A comarca (Spanish: [koˈmaɾka], Portuguese: [kuˈmaɾkɐ] or [koˈmaʁkɐ]) is a traditional region or local administrative division found in Portugal, Spain and some of their former colonies: Panama, Nicaragua, and Brazil. The term is derived from the term marca, meaning a "march, mark", plus the prefix co-, meaning "together, jointly".

The comarca is known in Aragonese as redolada (IPA: [reðoˈlaða]) and in Basque as eskualde (IPA: [es̺kualde]). In addition, in Galician, comarcas are also called bisbarras (IPA: [bizˈβarɐs]).

Although the English word county and its near synonym shire have similar meanings, they are usually translated into Spanish as condado, a term which in Iberia only refers to regions historically ruled by a count. However, "comarca" is occasionally used: examples include the Spanish Wikipedia entry for "comarca" and some translations of The Lord of the Rings (see below).


According to the new judicial division of 2015, Angola (a Portuguese-speaking country) will be subdivided into 60 comarcas, each with a court of first instance. The courts of comarca will replace the previous provincial and municipal courts.

Comarca is also the name of a suburb of Luanda, the capital of Angola.

Brazil and Portugal


Until the 16th century, large administrative regions were divided into comarcas. There were six traditional comarcas: Entre-Douro-e-Minho, Trás-os-Montes, Beira, Estremadura, Alentejo and Algarve, of which the last had the honorary title of "kingdom". In the 16th century, the comarcas were gradually referred to as "provinces".

The name "comarca" was applied to the administrative and judicial subdivisions of the provinces from the 17th century. Each comarca corresponded to the territorial area of jurisdiction of a corregedor, a high-ranking administrative and judicial officer who represented the Crown in the district.

In the 19th century, the comarcas were replaced by separate administrative and judicial divisions, reflecting the implementation of the separation of executive and judicial powers. The new administrative divisions became the administrative districts and the new judicial divisions kept the name comarca.


Nowadays, in Brazil, Portugal, and some other countries of the Community of Portuguese Language Countries, the comarca is the basic territorial division in the judicial system. It corresponds to the territorial area of jurisdiction of a court of first instance.

The comarca may correspond to a municipality or group several small municipalities together. Presently, in Brazil, there are 2,680 comarcas. A judiciary organization reform implemented in Portugal in 2014 reduced the number of comarcas from 231 to 23.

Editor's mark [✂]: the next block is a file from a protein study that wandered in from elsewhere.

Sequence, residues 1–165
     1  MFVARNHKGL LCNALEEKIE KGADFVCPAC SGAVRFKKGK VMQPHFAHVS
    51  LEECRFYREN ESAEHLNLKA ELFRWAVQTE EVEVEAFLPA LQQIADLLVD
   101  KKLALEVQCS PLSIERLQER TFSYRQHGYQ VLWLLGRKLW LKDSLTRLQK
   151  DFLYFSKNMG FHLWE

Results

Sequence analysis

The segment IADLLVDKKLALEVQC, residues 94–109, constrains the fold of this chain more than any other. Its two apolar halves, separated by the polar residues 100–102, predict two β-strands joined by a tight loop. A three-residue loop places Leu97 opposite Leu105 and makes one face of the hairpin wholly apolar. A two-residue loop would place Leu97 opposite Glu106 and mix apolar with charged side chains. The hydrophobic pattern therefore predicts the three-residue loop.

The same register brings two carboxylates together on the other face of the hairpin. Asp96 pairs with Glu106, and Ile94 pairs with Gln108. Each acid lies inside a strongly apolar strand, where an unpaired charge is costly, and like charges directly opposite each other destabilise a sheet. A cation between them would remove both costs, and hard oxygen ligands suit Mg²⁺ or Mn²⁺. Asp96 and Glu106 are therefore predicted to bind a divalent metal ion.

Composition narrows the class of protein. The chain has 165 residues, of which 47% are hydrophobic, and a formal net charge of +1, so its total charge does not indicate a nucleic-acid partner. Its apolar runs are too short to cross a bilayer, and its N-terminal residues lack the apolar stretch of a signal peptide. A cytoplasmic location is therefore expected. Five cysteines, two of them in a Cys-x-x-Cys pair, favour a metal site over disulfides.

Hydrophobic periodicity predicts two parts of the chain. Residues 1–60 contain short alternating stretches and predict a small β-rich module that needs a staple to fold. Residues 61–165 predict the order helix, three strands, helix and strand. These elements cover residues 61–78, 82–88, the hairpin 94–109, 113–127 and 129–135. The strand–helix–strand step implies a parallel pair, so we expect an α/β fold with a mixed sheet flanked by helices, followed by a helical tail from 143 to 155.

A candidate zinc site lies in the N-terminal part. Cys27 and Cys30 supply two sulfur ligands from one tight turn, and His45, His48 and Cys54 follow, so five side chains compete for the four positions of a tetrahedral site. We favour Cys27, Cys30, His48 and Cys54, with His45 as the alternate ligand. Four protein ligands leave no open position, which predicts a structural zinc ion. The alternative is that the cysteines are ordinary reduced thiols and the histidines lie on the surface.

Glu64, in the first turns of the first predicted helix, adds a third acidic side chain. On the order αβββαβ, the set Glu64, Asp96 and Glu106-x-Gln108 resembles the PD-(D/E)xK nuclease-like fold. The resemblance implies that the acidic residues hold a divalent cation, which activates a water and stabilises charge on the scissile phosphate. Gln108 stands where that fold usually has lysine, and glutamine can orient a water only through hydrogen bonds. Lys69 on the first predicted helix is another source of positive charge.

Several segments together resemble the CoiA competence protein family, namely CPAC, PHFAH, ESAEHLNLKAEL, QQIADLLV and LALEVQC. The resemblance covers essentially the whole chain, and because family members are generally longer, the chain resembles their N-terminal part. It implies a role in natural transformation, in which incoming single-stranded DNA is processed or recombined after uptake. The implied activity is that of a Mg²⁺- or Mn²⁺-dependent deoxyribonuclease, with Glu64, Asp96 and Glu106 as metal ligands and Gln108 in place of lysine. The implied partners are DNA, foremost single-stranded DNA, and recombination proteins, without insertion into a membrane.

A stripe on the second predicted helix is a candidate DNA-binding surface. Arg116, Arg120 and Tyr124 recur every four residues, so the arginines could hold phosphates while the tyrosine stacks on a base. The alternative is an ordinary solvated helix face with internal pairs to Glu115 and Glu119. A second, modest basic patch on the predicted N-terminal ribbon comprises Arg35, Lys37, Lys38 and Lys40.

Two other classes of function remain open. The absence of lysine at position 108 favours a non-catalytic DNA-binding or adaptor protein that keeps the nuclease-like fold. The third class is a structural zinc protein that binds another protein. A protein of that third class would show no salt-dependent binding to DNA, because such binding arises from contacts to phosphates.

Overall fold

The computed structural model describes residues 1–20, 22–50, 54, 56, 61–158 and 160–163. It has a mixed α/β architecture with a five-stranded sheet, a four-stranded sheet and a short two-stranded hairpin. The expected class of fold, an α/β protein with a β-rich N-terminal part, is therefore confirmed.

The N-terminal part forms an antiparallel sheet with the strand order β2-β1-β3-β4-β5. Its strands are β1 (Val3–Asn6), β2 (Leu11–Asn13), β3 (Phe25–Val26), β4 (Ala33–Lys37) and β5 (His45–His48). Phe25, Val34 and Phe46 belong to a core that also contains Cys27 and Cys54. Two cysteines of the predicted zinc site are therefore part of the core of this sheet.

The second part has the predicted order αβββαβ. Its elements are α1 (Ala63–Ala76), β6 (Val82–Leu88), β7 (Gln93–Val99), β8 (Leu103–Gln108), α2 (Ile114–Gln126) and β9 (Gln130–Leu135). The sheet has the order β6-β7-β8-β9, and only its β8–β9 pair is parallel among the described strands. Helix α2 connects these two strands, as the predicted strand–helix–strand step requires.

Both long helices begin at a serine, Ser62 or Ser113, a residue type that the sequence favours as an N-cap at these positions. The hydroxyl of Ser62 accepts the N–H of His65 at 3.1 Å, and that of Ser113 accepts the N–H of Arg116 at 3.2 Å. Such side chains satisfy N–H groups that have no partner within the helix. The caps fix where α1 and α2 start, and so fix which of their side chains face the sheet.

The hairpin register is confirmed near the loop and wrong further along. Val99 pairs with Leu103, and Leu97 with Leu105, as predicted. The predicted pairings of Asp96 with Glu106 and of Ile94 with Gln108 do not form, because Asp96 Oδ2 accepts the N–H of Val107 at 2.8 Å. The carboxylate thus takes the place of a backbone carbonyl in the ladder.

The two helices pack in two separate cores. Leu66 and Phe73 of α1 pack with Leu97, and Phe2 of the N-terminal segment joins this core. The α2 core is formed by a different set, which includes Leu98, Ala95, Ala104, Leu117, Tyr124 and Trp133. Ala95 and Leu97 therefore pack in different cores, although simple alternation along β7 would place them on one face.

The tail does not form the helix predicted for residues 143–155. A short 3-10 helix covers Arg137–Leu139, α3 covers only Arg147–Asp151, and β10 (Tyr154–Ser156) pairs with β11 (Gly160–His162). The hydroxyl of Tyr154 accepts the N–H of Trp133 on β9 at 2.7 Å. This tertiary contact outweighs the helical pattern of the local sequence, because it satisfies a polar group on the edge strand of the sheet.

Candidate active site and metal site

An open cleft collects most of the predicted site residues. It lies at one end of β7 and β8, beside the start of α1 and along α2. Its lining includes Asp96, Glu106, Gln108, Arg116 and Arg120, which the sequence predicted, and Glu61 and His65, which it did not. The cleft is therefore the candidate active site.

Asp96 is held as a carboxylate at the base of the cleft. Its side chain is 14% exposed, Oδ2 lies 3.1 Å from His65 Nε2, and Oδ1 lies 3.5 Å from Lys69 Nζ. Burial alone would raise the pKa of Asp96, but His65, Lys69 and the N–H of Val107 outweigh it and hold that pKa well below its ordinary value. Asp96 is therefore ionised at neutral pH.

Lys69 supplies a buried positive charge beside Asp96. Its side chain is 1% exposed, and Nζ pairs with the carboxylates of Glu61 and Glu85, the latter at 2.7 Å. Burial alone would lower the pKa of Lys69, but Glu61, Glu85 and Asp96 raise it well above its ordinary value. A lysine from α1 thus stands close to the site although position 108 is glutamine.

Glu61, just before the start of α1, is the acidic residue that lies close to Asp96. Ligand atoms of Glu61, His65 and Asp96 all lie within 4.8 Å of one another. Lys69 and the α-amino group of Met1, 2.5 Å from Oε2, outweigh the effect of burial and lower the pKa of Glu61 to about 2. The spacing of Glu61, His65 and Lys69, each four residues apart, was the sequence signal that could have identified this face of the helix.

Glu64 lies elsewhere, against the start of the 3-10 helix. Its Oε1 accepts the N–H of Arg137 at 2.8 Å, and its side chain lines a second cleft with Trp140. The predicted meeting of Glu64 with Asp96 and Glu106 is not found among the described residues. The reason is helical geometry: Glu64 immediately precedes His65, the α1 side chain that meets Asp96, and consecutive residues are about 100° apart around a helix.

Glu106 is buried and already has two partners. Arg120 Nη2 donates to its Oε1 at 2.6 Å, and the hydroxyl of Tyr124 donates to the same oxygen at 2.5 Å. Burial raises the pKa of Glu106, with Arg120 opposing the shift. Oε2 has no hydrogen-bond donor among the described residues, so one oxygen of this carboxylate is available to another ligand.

The term comarca is used in several regions in Spain.

  • In Asturias, the historic division is the conceyu (pl. conceyos, concejo or municipio in Spanish). Currently, there are several comarcas but they are contemporary creations destined to tourism promotions, without administrative or government powers.
  • In Cantabria, the comarca is a traditional or historical division, usually identified with the greatest rivers of the region.
  • In Catalonia and Aragon, the comarca is a local government area, represented by a member on the comarcal council.
  • In the Valencian Community, the comarca is a traditional region with no administrative competences. They are legally referred as homologated territorial demarcations instead of as comarques.
  • In Galicia the comarca or bisbarra are traditional divisions of the land that have limited official recognition, but have no administrative relevance. However, the Galician government is attempting to transform the bisbarras into territorial administrative tiers, to create a new regional network proposed to be more balanced and efficient. Galician comarcas also have a comarcal council.

In other places, such as Extremadura, the comarca may simply refer to a loosely defined region.

Because of the comarca's long-standing use, it is sometimes used as the basis for the promotion of tourism, with emphasis on local cultural tradition and history.


The ninth-largest metropolitan area in Mexico is known as the Comarca Lagunera. The region is made up of 15 municipalities, including the cities of Torreón, Coahuila and Gómez Palacio, Durango.


In Panama, the comarca indígena is an administrative region for an area with a substantial Amerindian population. Three comarcas (Comarca Emberá-Wounaan, Guna Yala, Ngöbe-Buglé) exist as equivalent to provinces. Two smaller comarcas (Kuna de Madugandí and Kuna de Wargandí) are subordinate to a province and considered equivalent to a corregimiento (municipality).


Some Spanish-language editions of British writer J. R. R. Tolkien's works use the term La Comarca as a translation for the English "The Shire".

See also

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